VIDEO: Robert Redford on His Great Paparazzo War of 1975
One of the more intriguing, entertaining documentaries of this year's Sundance Film Festival, Smash His Camera tracks the life's work of self-described "paparazzo superstar" Ron Galella. Perhaps best known for relentlessly hunting Jackie Kennedy Onassis and her family (until a judge issued a restraining order that stands against Galella to this day) and once incurring a Marlon Brando knuckle sandwich that knocked out five of his teeth, Galella was also a dedicated tracker of Sundance founder Robert Redford. The film features a certain level of détente between Galella and Redford -- enough so that the shutterbug actually gets close enough to hand Redford his latest book -- but it definitely wasn't always that way. Click through for Redford's somewhat lengthy, wholly fascinating story about the lengths Galella used to go to to get his shot -- and the lengths Redford went to to dodge him. Also: Galella's exclusive response to Movieline!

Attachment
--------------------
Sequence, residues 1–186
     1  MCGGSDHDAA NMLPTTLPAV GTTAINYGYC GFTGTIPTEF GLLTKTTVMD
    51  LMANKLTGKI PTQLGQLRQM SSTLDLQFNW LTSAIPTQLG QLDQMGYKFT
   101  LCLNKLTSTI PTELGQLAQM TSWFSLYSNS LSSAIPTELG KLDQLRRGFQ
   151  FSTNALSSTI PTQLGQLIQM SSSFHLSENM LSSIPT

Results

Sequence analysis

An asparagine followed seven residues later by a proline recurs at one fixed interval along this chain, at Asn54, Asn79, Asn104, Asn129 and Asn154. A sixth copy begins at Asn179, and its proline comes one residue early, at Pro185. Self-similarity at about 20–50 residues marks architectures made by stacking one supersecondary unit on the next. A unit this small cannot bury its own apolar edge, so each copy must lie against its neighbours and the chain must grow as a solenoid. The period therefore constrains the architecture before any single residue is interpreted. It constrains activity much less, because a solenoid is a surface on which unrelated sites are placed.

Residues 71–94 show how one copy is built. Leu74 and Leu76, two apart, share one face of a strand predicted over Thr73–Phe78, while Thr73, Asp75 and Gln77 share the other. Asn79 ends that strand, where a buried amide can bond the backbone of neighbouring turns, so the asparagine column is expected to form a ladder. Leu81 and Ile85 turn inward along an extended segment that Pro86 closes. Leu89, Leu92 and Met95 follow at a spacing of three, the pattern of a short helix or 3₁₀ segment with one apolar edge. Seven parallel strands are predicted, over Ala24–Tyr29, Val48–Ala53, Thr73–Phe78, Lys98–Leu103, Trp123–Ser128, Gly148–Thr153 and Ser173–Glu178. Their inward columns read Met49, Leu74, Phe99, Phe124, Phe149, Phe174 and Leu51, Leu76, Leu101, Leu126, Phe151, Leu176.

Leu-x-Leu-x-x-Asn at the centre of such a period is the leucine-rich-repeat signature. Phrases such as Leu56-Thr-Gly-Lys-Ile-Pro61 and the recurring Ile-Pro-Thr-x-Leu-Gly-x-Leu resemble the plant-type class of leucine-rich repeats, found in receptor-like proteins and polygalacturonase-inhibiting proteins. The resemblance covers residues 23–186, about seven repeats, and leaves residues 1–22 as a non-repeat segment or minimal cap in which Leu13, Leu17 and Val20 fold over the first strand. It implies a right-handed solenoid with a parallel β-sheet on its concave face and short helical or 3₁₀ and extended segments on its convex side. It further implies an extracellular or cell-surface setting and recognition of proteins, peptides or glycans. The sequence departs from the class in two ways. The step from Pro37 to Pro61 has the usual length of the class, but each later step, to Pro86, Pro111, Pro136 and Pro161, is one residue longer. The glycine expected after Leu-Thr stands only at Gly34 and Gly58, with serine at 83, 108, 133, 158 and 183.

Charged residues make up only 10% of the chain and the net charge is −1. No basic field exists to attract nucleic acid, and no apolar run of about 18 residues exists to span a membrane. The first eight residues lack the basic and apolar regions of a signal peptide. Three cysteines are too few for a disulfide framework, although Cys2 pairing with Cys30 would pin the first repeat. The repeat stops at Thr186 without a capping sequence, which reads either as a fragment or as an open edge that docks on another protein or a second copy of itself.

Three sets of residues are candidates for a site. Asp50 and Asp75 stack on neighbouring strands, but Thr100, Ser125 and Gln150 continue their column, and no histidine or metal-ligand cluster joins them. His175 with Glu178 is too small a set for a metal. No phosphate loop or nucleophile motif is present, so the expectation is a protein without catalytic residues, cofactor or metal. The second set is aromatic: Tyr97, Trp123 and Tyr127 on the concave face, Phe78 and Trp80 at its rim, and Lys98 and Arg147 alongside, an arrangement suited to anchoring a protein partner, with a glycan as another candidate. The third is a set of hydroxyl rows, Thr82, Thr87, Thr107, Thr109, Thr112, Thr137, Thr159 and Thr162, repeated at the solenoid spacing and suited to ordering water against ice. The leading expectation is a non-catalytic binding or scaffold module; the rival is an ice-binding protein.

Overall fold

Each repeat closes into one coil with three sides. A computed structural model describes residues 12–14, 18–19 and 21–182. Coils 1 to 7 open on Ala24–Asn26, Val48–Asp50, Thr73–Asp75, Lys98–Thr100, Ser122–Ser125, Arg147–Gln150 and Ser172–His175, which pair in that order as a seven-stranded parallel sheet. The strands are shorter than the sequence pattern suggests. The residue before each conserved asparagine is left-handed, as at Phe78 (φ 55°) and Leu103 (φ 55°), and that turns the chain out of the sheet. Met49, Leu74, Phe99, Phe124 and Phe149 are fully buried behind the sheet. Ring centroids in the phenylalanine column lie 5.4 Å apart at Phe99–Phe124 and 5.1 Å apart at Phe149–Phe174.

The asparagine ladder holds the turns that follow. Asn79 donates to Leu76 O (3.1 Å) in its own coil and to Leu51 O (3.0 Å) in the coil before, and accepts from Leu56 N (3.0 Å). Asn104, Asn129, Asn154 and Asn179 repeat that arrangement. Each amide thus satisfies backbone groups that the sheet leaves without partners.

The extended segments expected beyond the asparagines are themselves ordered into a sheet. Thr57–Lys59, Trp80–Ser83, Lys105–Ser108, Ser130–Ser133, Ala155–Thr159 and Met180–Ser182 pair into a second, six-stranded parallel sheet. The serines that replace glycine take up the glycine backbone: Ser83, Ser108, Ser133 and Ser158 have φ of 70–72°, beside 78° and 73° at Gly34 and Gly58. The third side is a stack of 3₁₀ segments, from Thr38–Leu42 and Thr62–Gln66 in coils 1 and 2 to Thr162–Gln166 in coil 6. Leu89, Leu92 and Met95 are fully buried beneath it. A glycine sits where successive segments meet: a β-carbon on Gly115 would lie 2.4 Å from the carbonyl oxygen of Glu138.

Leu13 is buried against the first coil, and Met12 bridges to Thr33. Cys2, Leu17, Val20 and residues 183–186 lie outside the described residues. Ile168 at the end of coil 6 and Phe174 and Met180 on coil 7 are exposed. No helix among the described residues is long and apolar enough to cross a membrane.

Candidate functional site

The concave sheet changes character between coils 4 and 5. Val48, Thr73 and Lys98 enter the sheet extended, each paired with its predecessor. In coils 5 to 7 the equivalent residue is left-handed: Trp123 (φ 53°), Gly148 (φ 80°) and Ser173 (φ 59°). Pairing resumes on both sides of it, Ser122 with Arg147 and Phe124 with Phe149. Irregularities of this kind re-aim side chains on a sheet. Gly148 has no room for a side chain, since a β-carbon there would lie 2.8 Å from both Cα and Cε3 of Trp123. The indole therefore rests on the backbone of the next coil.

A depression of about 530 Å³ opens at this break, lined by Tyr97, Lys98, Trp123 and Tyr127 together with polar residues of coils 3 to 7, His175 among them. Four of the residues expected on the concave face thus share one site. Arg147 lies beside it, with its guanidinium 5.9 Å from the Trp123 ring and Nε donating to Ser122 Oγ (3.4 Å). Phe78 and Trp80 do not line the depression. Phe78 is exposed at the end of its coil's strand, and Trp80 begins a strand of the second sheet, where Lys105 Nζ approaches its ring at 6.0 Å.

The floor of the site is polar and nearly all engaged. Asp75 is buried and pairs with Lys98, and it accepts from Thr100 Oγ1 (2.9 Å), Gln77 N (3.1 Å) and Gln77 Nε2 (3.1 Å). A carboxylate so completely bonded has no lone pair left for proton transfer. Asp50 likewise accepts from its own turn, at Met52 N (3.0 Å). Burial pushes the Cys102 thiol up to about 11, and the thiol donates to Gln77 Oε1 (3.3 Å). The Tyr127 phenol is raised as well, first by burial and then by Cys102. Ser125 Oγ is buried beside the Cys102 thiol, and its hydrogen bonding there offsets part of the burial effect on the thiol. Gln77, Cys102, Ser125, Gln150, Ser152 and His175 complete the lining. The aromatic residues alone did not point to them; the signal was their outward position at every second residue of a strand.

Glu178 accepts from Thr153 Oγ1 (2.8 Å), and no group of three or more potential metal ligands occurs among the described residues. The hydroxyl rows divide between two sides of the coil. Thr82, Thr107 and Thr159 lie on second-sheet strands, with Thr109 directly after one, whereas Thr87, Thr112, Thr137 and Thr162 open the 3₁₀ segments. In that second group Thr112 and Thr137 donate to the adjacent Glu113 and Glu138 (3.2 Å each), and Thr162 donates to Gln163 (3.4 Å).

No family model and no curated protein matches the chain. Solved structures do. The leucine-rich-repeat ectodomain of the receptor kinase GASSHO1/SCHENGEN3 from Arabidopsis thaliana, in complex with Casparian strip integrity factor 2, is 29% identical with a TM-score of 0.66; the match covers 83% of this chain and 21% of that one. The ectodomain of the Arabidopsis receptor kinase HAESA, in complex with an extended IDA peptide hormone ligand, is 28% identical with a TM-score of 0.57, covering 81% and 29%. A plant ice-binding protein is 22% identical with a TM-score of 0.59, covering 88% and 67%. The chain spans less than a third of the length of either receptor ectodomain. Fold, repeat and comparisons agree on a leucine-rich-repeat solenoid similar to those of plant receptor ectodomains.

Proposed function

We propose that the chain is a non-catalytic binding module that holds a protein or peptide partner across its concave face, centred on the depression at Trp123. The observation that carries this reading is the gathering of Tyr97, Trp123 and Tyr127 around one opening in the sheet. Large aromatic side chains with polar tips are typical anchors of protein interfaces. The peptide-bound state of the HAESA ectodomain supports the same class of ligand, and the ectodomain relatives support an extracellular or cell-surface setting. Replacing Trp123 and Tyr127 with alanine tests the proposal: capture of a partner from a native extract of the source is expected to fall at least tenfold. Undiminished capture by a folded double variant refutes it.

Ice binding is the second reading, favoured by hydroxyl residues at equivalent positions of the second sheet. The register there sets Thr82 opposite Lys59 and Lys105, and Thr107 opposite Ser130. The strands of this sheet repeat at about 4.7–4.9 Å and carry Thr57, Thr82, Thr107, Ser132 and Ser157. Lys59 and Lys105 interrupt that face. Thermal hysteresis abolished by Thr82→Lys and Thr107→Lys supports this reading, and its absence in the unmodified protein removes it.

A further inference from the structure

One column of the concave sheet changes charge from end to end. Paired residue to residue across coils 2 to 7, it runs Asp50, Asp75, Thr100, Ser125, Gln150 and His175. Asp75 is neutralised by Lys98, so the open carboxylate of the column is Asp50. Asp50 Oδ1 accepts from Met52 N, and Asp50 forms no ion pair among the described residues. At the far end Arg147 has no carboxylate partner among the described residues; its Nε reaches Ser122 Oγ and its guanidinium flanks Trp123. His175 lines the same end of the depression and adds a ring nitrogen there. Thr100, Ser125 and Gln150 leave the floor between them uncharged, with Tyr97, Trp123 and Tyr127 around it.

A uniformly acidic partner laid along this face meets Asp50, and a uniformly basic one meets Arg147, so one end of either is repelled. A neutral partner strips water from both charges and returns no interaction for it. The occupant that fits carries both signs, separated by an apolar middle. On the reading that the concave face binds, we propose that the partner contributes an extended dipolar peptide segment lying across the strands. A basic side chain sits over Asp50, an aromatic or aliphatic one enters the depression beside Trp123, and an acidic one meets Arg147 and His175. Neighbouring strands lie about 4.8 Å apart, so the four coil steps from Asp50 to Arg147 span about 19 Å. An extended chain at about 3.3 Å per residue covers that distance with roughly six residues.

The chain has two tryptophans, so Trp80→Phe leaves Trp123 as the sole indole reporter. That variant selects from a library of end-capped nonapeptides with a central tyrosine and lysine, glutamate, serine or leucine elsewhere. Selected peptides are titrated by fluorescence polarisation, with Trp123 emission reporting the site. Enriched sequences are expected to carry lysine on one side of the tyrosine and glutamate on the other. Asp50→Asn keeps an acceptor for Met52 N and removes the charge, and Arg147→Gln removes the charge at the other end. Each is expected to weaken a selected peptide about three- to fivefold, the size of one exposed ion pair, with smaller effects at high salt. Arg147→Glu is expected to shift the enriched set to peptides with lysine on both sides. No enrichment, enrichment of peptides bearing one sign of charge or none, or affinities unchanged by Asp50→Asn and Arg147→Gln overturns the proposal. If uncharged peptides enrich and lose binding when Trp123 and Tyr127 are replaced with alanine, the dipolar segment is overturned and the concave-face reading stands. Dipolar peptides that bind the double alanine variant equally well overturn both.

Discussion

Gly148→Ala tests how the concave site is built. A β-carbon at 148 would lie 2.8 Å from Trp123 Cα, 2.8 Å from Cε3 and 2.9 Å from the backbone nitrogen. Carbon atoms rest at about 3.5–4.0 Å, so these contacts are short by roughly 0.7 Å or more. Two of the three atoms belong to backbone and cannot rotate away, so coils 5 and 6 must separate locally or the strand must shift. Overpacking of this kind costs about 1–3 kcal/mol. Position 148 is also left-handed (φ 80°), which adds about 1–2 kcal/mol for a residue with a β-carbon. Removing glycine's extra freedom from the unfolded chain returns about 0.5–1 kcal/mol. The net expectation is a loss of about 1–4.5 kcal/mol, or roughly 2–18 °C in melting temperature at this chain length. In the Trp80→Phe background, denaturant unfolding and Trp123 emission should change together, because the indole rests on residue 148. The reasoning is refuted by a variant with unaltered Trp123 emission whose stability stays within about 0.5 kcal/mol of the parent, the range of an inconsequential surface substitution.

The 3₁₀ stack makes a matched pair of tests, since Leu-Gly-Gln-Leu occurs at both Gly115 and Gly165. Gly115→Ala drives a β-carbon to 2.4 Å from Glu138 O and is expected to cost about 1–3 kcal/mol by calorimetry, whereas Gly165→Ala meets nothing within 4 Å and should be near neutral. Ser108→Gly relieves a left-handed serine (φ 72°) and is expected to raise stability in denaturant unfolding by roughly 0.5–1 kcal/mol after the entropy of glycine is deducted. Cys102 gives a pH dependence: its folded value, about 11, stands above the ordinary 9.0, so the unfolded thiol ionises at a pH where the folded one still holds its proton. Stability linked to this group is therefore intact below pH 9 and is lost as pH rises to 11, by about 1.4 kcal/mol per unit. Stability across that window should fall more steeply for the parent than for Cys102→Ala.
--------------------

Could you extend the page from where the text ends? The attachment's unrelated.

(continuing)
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While talking on Monday to Galella and Camera director Leon Gast, the photographer confirmed the story's veracity -- but had a few clarifications to add as well.
"Yeah, I just said, 'Well, he's that way,'" Galella told me at Gallery Mar on Main Street, where an exhibition of his classic black-and-white work is selling for anywhere from $1,300 to $2,500 per shot. "But I got one over on him. Many times I beat him to his apartment [in New York City] at 95th Street and Fifth Avenue. He said once at an event, 'How the hell do you beat me to my apartment?' And I said, 'Well, I go through Central Park. There are fewer lights there, and it goes fast. Your driver goes up Madison Avenue hitting all those lights. But he's always been cooperative. I got him and his family at Tavern on the Green when his son graduated; I go to his apartment and he lets me in the building. He lets me shoot in the lobby and into the elevator -- the whole family. It's very rare that you can get a big star like that in his own lobby; the doorman will stop you. But he let me do it."